These services include free IP pre-diagnostics, where a verified IP expert provides the companies with a customised report on their IP business strategy and advises on how to exploit their assets efficiently and securely. Beneficiaries can also have their IP protection costs reimbursed, particularly IP attorney and European patent application fees. 

Open call  

The closing date for the eighth cut-off in the current call is 25 February 2021. This is an excellent chance for eligible SMEs to receive up to €15,000 to support their IP strategy or patent registration.

Interested SMEs can apply here

Feedback from beneficiaries in the previous cut-offs has been very positive – they found the action to be an excellent chance to summarise, reflect on and improve their IP strategy. In general, thanks to the programme they are more aware of their IP situation and view the recommendations in the IP Diagnostic Report as critical for their long-term business strategies: Read some of their success stories

Feedback from beneficiaries shows that:

  • 97% of applicants are interested in additional support;
  • 87% of beneficiary SMEs have a better understanding of their IP and its value than before;
  • 90% consider the IP pre-diagnostic report a useful resource; and
  • 91% would recommend the IP pre-diagnostic to other innovative SMEs.

Information on IP valorisation services

IPA4SME also provides detailed information on the different IP valorisation services that are available, in addition to what actions selected beneficiaries should take to access these services: View the webinars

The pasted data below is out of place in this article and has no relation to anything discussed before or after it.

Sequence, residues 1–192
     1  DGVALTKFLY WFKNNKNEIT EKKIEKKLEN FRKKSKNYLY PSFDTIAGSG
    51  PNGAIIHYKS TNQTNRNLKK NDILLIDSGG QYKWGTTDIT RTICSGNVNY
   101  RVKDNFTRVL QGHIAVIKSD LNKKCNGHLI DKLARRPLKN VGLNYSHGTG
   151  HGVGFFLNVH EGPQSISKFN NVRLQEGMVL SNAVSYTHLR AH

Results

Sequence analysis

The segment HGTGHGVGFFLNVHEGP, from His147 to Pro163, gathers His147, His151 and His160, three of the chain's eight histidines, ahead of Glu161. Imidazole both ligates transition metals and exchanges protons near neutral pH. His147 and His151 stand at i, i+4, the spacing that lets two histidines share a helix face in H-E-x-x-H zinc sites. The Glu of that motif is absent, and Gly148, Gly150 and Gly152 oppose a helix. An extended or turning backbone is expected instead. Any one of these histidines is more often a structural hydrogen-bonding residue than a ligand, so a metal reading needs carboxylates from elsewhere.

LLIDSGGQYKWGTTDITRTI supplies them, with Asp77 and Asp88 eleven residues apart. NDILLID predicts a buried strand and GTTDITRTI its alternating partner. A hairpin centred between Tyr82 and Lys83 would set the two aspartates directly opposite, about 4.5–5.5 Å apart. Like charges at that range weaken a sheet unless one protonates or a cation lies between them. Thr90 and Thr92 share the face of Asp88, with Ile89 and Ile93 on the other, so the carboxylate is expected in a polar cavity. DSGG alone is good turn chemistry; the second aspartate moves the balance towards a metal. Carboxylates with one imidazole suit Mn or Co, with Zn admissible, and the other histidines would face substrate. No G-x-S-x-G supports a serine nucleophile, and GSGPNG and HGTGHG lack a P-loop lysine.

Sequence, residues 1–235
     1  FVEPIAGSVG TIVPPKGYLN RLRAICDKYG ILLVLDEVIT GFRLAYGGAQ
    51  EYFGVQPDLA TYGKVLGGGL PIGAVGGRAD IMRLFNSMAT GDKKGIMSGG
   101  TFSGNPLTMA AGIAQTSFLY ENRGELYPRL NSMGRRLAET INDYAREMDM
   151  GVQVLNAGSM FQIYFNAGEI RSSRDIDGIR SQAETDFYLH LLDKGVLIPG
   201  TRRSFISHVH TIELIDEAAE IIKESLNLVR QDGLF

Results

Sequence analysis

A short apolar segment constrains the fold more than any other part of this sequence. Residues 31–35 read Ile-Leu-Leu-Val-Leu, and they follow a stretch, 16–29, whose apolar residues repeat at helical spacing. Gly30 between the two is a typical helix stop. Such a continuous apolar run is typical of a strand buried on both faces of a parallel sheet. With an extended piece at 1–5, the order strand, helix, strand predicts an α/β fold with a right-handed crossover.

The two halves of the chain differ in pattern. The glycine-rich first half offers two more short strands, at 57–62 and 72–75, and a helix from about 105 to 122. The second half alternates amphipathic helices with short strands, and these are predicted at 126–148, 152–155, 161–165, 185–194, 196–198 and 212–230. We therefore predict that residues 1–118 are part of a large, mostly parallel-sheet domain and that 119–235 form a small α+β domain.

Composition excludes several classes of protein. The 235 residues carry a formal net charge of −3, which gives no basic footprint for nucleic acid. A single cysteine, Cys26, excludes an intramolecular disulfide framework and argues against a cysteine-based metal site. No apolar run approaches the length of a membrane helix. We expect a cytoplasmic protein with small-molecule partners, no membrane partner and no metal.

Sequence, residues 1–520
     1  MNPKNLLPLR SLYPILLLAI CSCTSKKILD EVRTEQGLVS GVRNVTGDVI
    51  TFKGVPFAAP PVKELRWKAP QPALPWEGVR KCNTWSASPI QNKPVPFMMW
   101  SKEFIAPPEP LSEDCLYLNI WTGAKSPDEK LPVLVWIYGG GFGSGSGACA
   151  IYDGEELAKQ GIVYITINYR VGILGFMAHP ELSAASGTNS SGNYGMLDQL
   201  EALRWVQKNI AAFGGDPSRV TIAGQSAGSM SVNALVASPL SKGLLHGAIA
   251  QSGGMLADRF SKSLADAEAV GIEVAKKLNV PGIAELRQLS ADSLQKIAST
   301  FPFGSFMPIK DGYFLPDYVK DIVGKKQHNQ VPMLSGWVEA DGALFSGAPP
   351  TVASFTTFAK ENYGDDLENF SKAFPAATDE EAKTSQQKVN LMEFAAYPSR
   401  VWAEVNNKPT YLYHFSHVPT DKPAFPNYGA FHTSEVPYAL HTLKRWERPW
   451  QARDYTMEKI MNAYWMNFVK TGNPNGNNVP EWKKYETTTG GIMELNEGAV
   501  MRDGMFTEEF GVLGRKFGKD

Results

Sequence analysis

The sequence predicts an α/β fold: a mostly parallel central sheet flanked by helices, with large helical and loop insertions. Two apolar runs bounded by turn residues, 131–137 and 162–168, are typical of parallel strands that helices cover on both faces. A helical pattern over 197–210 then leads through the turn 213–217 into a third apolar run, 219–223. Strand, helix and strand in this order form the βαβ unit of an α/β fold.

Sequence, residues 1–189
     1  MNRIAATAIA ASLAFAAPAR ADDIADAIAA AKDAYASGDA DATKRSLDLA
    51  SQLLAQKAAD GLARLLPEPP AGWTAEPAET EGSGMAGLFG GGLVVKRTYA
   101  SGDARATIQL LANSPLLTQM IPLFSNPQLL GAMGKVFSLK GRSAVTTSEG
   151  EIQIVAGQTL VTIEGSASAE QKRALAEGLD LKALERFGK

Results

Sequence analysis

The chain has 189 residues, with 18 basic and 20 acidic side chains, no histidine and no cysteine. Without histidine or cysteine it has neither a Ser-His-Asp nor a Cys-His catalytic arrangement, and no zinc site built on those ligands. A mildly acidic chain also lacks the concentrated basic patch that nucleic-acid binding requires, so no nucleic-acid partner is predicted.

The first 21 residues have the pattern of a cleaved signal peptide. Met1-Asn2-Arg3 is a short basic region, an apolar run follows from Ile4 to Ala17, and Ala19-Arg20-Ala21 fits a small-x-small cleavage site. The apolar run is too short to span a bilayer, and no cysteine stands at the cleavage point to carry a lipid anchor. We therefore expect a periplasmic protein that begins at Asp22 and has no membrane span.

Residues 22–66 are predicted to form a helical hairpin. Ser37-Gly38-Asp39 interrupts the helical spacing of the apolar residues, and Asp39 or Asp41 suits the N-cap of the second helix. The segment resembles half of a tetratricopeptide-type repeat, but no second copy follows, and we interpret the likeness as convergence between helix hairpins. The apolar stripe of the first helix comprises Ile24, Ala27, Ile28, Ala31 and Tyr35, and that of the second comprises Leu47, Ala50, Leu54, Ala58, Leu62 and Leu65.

For more information on IPA4SME and its services, visit ipa4sme.eu. To keep up to date on IPA4SME actions and events, make sure to follow the programme on Twitter, LinkedIn and Facebook


Feedback open on the roadmap for the Geographical Indication protection at EU level for non-agricultural products

On 30 November 2020, the EU Commission opened a feedback period on the roadmap for the Geographical Indication protection at EU level for non-agricultural products. Feedback will be taken into account for further development and fine tuning of the initiative. The Commission will summarise the input received in a synopsis report explaining how the input will be taken on board and, if applicable, why certain suggestions can't be taken up.

Feedback open on the roadmap for the Geographical Indication protection at EU level for non-agricultural products


Commission publishes a new Action Plan on Intellectual Property

25 November 2020 -  The EU Commission published a new Action Plan on Intellectual Property to help companies, especially small and medium-sized companies (SMEs), to make the most of their inventions and creations and ensure they can benefit our economy and society.

Intellectual property (IP) is a key driver for economic growth as it helps companies to valorise their intangible assets. The Action Plan aims at enabling the European creative and innovative industry to remain a global leader and at speeding up Europe's green and digital transitions. In particular, the Action Plan sets out key steps to improve the protection of IP; to boost the uptake of IP by SMEs; to facilitate the sharing of IP to increase the technological uptake in the industry; to fight counterfeiting and improve the enforcement of IP rights; and to promote a global level playing field. The coronavirus crisis has also highlighted certain dependencies on critical innovation and technologies so the Action Plan addresses these challenges while making sure that critical IP can be made available in time of crisis.